<!DOCTYPE html><html><head>    <meta http-equiv="Content-Type" content="text/html; charset=UTF-8">    <meta name="viewport" id="viewport" content="target-densitydpi=high-dpi,initial-scale=1.0,user-scalable=no" />    <link href="http://piedpiper.site40.net/angelica.css" type="text/css" rel="stylesheet" >    <title>Document Title</title>    <script type="text/javascript" src="http://ajax.googleapis.com/ajax/libs/jquery/1.9.1/jquery.min.js"></script>    <script type="text/javascript" src="http://ajax.googleapis.com/ajax/libs/jqueryui/1.8.4/jquery-ui.min.js"></script>    <!--<script src="http://piedpiper.site40.net/freestyle.js"> /* coordinate style for all pages */ </script>-->       <script type="text/javascript">		function getStyle() {			console.log("style="+parent.Style);			// any filename not mentioning print is considered screen			StyleForm.S[1].checked = (parent.Style.indexOf("print") >= 0);			StyleForm.S[0].checked = !StyleForm.S[1].checked		}    </script>    <style type="text/css">    html, body {height:100%; margin:0; padding:0;}    #wrapper {height:100%;}    #left_menu {height: 100%; width:26%; float:left;}    #top_row, #bottom_row {height:50%; width:74%; float:right; }        #left_menu, #top_row, #bottom_row {overflow-y: scroll;}    #bottom_row .outer_border {border-top-style: groove;}        #footer {width: auto;}    #left_menu > * {padding-left: 5%; padding-right: 5%;}    .note, .important {margin: 1em 5%;}    .outer {    margin-left: auto;    margin-right: auto;    max-width: 800px;    min-width: 300px;}    </style></head><body onload="getStyle()">        <div id="wrapper">            <div id="left_menu"><h1><abbr title="Information Technology">IT</abbr> research</h1><form name="StyleForm">	<!-- using same name, groups the radio buttons so only one at a time -->	<INPUT type="radio" name="S" onClick='parent.setStyle("web")' checked>Screen<br>	<INPUT type="radio" name="S" onClick='parent.setStyle("print")'>Printer</form><H2>Topics</H2><dl>	<dt><a href="../voter" target="_top">Online Opinion Polling</a></dt><dd>		A facility to create public opinion polls for your web blog.	</dd>	<dt><a href="../sundry/downloads.html" target="text">List of Downloads</a></dt><dd>		Downloads available from this site.	</dd>	<dt><a href="../phishing/phishing.htm" target="text">Phishing</a></dt><dd>		Phishing is a scam whereby a fake website records credentials that are supplied by it's unsuspecting victims.	</dd>	<dt><a href="../malware/malware.htm" target="text">Malware</a></dt><dd>		Malware is anything that has unwanted malevolent intent on your computer.	</dd>	<dt><a href="../malware/detective.htm" target="text">Internet Detective</a></dt><dd>		Tracing the cyber-criminals.	</dd>	<dt><a href="../server/server.htm" target="text">Hosting a Web Server</a></dt><dd>		Your own Web Server gives full control, access to log files and it liberates you from other terms and conditions	</dd>	<dt><a href="../server/persona.htm" target="text">Identity in Cyber-Space</a></dt><dd>		Getting started with some technology beyond account names and passwords.	</dd>	<dt><a href="../IP-harvester.htm" target="text">IP-harvester</a></dt><dd>		Example tool for gathering IP addresses... this will be part of discussion on hacks	</dd>	<dt><a href="../icons/icons.html" target="text">Icons</a></dt><dd>		How to create and use graphical icons on computers and the world wide web.	</dd>	<dt><a href="../gui/gui.html" target="text">graphical user interaction</a></dt><dd>		Simple tutorial to for creating computer programs that have a graphical		user interface.	</dd>	<dt><a href="../design_website/web_design.html" target="text">Website Design</a></dt><dd>		How this website works and why I do it this way.	</dd></dl><div class="important"><p>	The work presented here is original, although it does use products	available from other sources.	Any accidental copyright material on this site is governed	by "fair use policy":	It is for the purpose of education, or demonstration only and never to	distribute useable works made by others.</p></div><div id="footer">	Copyright© Angelica Perduta 2003-2013: GPL3</div>            </div>            <div id="top_row"><div class="outer"><div class="note"><p>	This document is a revision of a very much older document	that explained ideas of my own on website design.	I have now reconsidered the topics and skip past	discussions of how things used to be and how they developed.</p><p>	What you can learn here is why I choose	to make this website work the way it does and how it is done with the	current (2013) technology.</p></div><H1>Website Design</H1><p>	My purpose is to create a website for tutorials, educational and	discussion documents and some functions are experimental.	This kind of website has very different requirements from advertising,	or online sales. I'm not trying to sell you anything so I'll just get	straight to the point.</p><a id="visual"><h2>Visual</h2></a><div class="result" style="width:350px"><form method="post" action="http://piedpiper.site40.net/voter/poll_vote.php"><input type="hidden" name="pollId" value="85c58" /><input type="hidden" name="poll_title" value="Your preference:" /><input type="hidden" name="style" value="bar" /><h2>Your preference:</h2><img src="http://piedpiper.site40.net/tmp/poll85c58.png" alt="opinion poll graph"><fieldset><legend>Your choices (click one button to vote)</legend><br><input type="submit" name="vote" value="1" /> Dynamic multi-column<br><input type="submit" name="vote" value="2" /> Static width limit<br><input type="submit" name="vote" value="3" /> I would not use either of these</fieldset></form></div><p>	Long lines of text can be hard to read and so I limit the maximum width,	automatically adjusting the left and right margins.	As an alternative, using jQuery we can dynamically split	text over multiple collumns.	Try the options below. By adjusting frame size you can compare the two	strategies in my <cite>samples</cite> frame below.	Then please do cast your vote on which you prefer.	<ol>		<li><a href="ipsum_lorem_main.html" target='sample'>multi column</a></li>		<li><a href="ipsum_lorem_outer.html" target='sample'>width limited</a></li>	</ol></p><p>	When reading technical documents I find bright text on a plain dark background	far less tiring on the eye than ornate, or bright backgrounds with dark letters.	For printouts on the other hand, we don't want to waste ink coloring	the whole page and so the navigation menu also allows the user to switch	between a screen style or a printer style (although I will use the printer	style regardless when rendering on a printer device).	My web pages include a common javascript file that writes a link to the	currently selected style, as follows:</p><pre class="brush:js; gutter:false">var sLine = '<LINK rel="StyleSheet" HREF="../'+parent.Style+'" TYPE="text/css"	MEDIA="screen">';document.write(sLine);// always use printer style sheet for hard copysLine = '<LINK rel="StyleSheet" HREF="../print.css" TYPE="text/css" MEDIA="print">';document.write(sLine);</pre><p>	By right clicking in a frame you	can choose to print the document it displays. Thus the navigation frame	is excluded.	My print style also excludes any items I labelled as	<q>noprint</q> class such as links to previous and next page.	Serif fonts seem easier to read on printout, while	plain fonts and removal of borders and other clutter, render better to	computer screens.</p><div class="note" style="clear:both"><p>	Besides the main body of text, notes like this one are assigned to the class	<q>note</q> so they can be rendered differently.</p></div><div class="important"><p>	Items labeled with the class <q>important</q> are rendered like this and I	will try <strong>only</strong> to use it for <strong>really</strong>	important notes from here on. </p></div><H2>Site Entry</H2><P>	Given a domain name, a server will dish out the home page of a website.	A homepage should give general information what the site is all about and	then act as an index to the rest of the site.	I also include contact details and a <q>guest book</q> that records	visitors.</p><p>	However, mostly people find things via search engines, or by direct hyperlink	referral. Yet for my pages it is important that they are loaded in the necessary	frame set that include additional scripts, rendering style and navigation tools.	So each page invokes a script named <q>freestyle.js</q>. If that finds the	necessary parent window is missing then it redirects via my main website index	using an html query string to identify itself as the subject of the main text frame.</p><pre class="brush:js; first-line:10; gutter:false" style="padding: 1em 1em 1em 1em">// error handling (e.g. document loaded without necessary frameset context)function gohome() {	var sLine = "../index.html?text="+window.location.pathname;	console.log("gohome="+sLine);	location.replace(sLine); // back button won't reload the bad document.	return true; // error has been dealt with, elide the dialog box}if (!parent.Style) gohome();</pre><H2>Your Logo</H2><P><img src="../favicon.ico" alt="my logo" class="result">	Having found a document of interest, people might set a <Q>bookmark</Q>	so they can come back to it later e.g. after a quick scan of alternative	results listed by a search engine.	Make your web presence more memorable and prominent with your own	consistent and visually recognizable icon or logo.	I use my yin-yang fish logo also as the icon for applications that I	program and made a separate chapter with a Youtube about	<a href="../icons/icons.html">creating icons</a>. </p><h2>Navigation</h2><p>	Complete site navigation is in a separate frame (on the left) so that	it is consistent and always to hand.	In response to nuisance advertizing, web browsers today prevent pages	from creating new windows and so I abandoned	the option of having a separate window popup for that purpose.</p><p>	Depending on the selected topic I want the index of that topic	to load a sub menu of navigation links into the navigation frame.	This facility is under revision.</p><H2>Site Structure</H2><p>	Over time I build up a variety of topics and each one is a self	contained entity. The only common files are the bare necessities	of scripts and style sheets for coordinating the whole site.	Thus each project I work on	has it's own separate folder, complete with	its own collection of image and html files, regardless if they might also	be used in other parts of my web site.	Doing this avoids accidental file name clashes, version conflicts and	facilitates independent updates.</p><p>	To prevent people getting confusing directory listings, the	default entry <cite>index.html</cite> within each poject simply redirects	to the actual start page of the topic. I hope it reduces the danger	from getting files with this common name mixed up.	I don't use further subfolders unless there is a very good reason	to do so.	Having experienced problems with file name inconsistencies I decided to	start using only lower case names and underscore instead of	spaces. </p><H2>You've been framed</H2><p>	In the same way other site owners could place my documents in frames on their	own website and it might not be obvious to the visitor whose page they	are actually reading, so I like to give them a choice whether to reload	in my original frame.</p><p>	It occurred to me that any page you load in a frame can contain	more frames and even end up including the original in an infinite recursion	so I built into my top level site entry a protection against	<a href="recursive.html" target='sample'>excessive frame nesting</a>.</p><div class="note"><p>	Choosing to <q>cancel</q> instead of clicking <q>OK</q> reloads the page	as top frame, but that does not resolve the recursion in this case.</p></div><DIV class="noprint"><hr><p>	<A HREF="../terminator.html" style="float:right">Next Page</A>	<!-- reload frameset but allow it to be in a frame of something else -->	<A HREF="../index.html" target='_parent' style="float:left">Home</A></p></DIV></div></div>            <div id="bottom_row"><div class="outer_border"><div class="outer"><h1>Guest book</h1><div class="illustration"><table><tr><!-- using table for layout because css is being retarded --><th><script type="text/javascript" src="http://jd.revolvermaps.com/2/1.js?i=38pg1i0wogw&s=220&m=0&v=true&r=false&b=3f607b&n=true&c=ff0000" async="async"></script></th><td>	<p>Adjacent is a globe that counts and records the location of visitors to this page.</p>	<form id="email" method="post" enctype="text/plain">	<script src="mailto.js"></script><script>		var sMail = obfuscate_email('frameset2013');		console.log('mail='+sMail);		document.getElementById('email').action = sMail;	</script>	<h2><input class="goRight" type="image" title="send e-mail" src="1376748139_Send.png" alt="Send">Feedback</H2>	<INPUT type=hidden name="SOFTenquiry" value="Ver 2">	<textarea name="Message" style="width:100%" rows="5">-- Click envelope icon above to e-mail me with text you enter here --	</textarea>	</form></td></tr></table></div><div style="clear:both; text-align:center">	<style type="text/css" scoped>		.advert { width:18%; height:60px; }	</style><p>	<a href="http://www.000webhost.com/652093.html" target="_blank">		<img class="advert" src="../MyPictures/120x60_powered.png" alt="Web Hosting">	</a>	<a href="http://www.gnu.org/licenses/">		<img class="advert" src="../MyPictures/gplv3-127x51.png" alt="GPL3 license Logo">	</a>	<a href="http://hidemyass.com/vpn/r3670/" title="Hide My ######! 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No to frames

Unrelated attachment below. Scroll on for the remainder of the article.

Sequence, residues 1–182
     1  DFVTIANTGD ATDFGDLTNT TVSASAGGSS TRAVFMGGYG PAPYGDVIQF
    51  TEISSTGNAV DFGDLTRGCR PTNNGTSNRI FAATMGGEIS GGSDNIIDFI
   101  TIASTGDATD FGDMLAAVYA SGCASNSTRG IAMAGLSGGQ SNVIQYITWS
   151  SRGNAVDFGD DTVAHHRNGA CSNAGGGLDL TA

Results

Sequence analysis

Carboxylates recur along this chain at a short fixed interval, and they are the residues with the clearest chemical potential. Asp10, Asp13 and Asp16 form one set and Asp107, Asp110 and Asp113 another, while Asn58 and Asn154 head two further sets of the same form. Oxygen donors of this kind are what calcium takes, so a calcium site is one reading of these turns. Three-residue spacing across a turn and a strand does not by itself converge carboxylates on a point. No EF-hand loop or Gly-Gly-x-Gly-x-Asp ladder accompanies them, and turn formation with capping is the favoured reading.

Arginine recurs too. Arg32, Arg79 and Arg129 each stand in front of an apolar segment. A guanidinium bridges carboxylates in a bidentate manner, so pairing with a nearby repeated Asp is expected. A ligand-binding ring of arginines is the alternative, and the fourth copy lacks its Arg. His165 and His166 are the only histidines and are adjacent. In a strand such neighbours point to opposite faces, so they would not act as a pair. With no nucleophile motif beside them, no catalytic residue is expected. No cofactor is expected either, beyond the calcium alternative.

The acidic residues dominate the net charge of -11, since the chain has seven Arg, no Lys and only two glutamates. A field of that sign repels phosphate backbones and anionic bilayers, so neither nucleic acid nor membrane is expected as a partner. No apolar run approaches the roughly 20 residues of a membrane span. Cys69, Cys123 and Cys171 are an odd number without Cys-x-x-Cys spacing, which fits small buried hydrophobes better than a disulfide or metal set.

Thanks for your demonstration how to do this layout without using iframes. I can certainly see it gives the same appearance, just using <div> containers with appropriate styles,.